Adherence to HIV Treatment and Care Among Previously Homeless Jail Detainees
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- Chen, N.E., Meyer, J.P., Avery, A.K. et al. AIDS Behav (2013) 17: 2654. doi:10.1007/s10461-011-0080-2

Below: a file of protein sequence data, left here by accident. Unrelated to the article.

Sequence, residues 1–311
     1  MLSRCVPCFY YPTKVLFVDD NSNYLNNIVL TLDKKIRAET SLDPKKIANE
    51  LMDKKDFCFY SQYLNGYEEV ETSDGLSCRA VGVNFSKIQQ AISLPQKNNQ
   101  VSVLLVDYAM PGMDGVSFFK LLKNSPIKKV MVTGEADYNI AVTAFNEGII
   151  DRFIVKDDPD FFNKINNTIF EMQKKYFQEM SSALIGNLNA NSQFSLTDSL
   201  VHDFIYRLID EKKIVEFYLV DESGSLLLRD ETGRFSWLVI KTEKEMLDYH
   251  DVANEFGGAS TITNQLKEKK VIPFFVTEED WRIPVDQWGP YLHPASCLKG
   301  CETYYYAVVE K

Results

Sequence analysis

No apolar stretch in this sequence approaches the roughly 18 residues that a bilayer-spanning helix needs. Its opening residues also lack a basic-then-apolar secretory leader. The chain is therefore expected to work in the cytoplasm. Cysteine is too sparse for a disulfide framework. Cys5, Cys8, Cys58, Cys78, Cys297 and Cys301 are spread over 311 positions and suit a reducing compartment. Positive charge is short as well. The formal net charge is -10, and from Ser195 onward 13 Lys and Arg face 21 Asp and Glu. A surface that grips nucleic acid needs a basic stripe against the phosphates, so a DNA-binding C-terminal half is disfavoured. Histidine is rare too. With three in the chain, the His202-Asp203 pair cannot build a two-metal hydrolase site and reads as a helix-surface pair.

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HIV-infected persons entering the criminal justice system (CJS) often experience suboptimal healthcare system engagement and social instability, including homelessness. We evaluated surveys from a multisite study of 743 HIV-infected jail detainees prescribed or eligible for antiretroviral therapy (ART) to understand correlates of healthcare engagement prior to incarceration, focusing on differences by housing status. Dependent variables of healthcare engagement were: (1) having an HIV provider, (2) taking ART, and (3) being adherent (≥95% of prescribed doses) to ART during the week before incarceration. Homeless subjects, compared to their housed counterparts, were significantly less likely to be engaged in healthcare using any measure. Despite Ryan White funding availability, insurance coverage remains insufficient among those entering jails, and having health insurance was the most significant factor correlated with having an HIV provider and taking ART. Individuals interfacing with the CJS, especially those unstably housed, need innovative interventions to facilitate healthcare access and retention.